A growing residential market is driving higher prices for investment properties throughout Inwood, Manhattan’s northernmost neighborhood that is sometime overlooked.
(From left to right) Michael A. Tortorici, Executive Vice Present and Founding Member and Matthew L. Gillis, Director - Investment Sales
In the year through August, the average price per square foot for multifamily assets in Inwood leaped 47% versus 2016, reaching $368, while the average price per unit rose 15% to $238,874, according to Ariel Property Advisors research. While it is important to note that these metrics are based on a small sample of only three trades, Inwood’s multifamily price strength in recent years is undeniable, with the average price per square foot up 57% since 2015 and nearly 200% since 2011.
Multifamily capitalization rates have also fallen dramatically in the last six years, as seen when comparing the 3.16% average in 2016 to the 7.99% average in 2010. These low cap rates are a function of both today’s low interest rate environment and the significant upside in rents in the area’s rent stabilized apartments.
Attracted to the neighborhood’s host of amenities and relative affordability, people are increasingly migrating beyond Washington Heights and Hudson Heights to Inwood. As a result, rents have recently been rising faster than the New York City average. This year, the average rent for a one-bedroom apartment in Inwood rose 5% year-over-year, hitting $1,775, while one-bedroom apartments for New York City in general declined 5% to $3,150.
Looking at commercial properties, the largest trade so far this year was 4055 10th Avenue, an office building purchased by Fairbridge Properties for $39.58 million, or $577 per square foot. Another notable sale was 4850 Broadway, a walk-up multifamily building purchased by Sugar Hill Capital Partners for $10.35 million, which translates into $414 per square foot and $287,5000 per unit.
A much-needed respite from Inwood’s supply/demand imbalance could be in the pipeline should the city’s “InwoodNYC” rezoning proposal – first introduced in 2015 through a string of workshops on rezoning, small business, community and housing programs – come to fruition. With the current zoning more than 50 years old, the city’s Economic Development Corporation is spearheading a new rezoning discussion, with the support of Councilman Ydanis Rodriguez.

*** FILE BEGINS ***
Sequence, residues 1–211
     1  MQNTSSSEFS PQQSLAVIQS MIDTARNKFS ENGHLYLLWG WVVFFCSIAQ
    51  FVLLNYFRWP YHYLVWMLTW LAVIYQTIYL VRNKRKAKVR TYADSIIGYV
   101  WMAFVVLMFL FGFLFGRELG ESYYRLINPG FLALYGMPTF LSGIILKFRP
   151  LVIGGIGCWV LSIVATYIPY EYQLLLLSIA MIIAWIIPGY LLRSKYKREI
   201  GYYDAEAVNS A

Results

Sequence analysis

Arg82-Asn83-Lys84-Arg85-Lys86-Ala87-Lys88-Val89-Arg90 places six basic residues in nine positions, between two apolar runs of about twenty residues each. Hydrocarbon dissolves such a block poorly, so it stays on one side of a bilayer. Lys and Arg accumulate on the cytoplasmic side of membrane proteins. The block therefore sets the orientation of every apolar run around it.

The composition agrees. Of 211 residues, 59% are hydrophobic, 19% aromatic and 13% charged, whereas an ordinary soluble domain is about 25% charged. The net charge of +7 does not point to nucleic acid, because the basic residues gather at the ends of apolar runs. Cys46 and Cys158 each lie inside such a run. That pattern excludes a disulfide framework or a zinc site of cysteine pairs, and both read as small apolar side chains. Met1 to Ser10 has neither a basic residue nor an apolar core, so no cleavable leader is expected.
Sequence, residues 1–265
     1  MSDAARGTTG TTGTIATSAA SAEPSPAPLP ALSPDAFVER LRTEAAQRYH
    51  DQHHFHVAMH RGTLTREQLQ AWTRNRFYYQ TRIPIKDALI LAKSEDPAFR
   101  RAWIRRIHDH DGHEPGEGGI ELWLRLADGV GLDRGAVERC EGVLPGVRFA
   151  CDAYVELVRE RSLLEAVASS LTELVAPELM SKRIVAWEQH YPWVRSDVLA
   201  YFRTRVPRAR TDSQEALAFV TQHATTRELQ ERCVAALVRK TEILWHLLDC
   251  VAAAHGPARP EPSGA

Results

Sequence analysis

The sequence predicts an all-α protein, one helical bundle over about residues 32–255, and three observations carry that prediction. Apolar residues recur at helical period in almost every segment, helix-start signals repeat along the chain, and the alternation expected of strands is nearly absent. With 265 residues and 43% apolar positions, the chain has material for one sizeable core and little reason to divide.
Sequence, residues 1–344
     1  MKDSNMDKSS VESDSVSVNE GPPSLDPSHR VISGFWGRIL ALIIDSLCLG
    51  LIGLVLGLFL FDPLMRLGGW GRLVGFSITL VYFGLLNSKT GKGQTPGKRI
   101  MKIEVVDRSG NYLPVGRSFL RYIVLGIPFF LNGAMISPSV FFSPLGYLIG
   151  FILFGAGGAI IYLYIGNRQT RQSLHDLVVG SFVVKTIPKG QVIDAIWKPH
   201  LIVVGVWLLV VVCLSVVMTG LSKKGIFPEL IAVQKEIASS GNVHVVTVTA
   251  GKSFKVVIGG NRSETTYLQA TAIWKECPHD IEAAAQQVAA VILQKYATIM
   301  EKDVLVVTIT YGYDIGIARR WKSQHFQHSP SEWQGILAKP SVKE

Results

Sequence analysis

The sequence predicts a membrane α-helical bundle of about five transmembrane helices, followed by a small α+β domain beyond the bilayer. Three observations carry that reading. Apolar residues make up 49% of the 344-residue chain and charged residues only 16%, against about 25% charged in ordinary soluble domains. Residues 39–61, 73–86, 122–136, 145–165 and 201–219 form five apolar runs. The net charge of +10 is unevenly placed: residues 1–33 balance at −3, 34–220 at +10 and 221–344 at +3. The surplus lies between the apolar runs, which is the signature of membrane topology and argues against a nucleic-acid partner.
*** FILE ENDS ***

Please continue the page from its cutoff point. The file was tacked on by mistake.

The proposal’s objectives include the following: create more affordable housing; facilitate waterfront access; create walkable streets with diverse retail and community facilities; promote economic growth to generate jobs; protect the neighborhood’s character; and defend the area’s rent-stabilized housing stock.
The de Blasio administration believes the proposed rezoning will spur the creation of 4,348 new apartments by the year 2032, with a portion rent-restricted under the city’s Mandatory Inclusionary Housing policy. The rezoning is expected to produce 1,135,032 square feet of commercial space and 472,685 square feet of community space, but lose 50,614 square feet of industrial space.
Below are key components of the EDC’s proposed rezoning plan:
The proposal will break down the community into five sub districts: the Tip of Manhattan, Upland Wedge, Upland Core, Commercial U and Sherman Creek, with some areas upzoned to ignite development of new housing and commercial space.
The plan calls for upzoning 10th Avenue and most of the blocks to its east - much of which are currently zoned for manufacturing - to encourage residential and commercial growth.
The areas west of 10th Avenue and north of Dyckman Street would primarily be rezoned to limit building heights and protect the neighborhood’s atmosphere, though some major avenues would be rezoned to allow larger residential density within certain height limits.
The EDC first introduced a “study area” of Inwood for the rezoning from all of Dyckman Street to the northern tip of Manhattan. It later established a “special district” that focuses on the more industrial areas of the community east of 10th Avenue, from Dyckman Street and along Broadway to the tip of northern Manhattan.
By focusing on the heavy manufacturing areas east of 10th Avenue and the commercial areas of Dyckman Street, the EDC hopes to encourage the construction of housing and developments sites along the waterfront—replicating the success of other recently developed waterfront neighborhoods like Williamsburg and Long Island City.
Most recently, the Office of the Deputy Mayor for Housing & Economic Development released a “Draft Scope of Work,” which is the most comprehensive version of the proposal to date. This will now be subject to further scrutiny by the community before commencement of the official ULURP process.
We are encouraged by the release of the scope as it is a signal a rezoning proposal is moving towards the review process through which it can become law. Despite its copious transportation options and relative affordability, Inwood is one of Northern Manhattan’s most underdeveloped residential and commercial markets. The rezoning plan is a key step towards positive change for an area that increasingly sought after by residents, businesses and investors alike.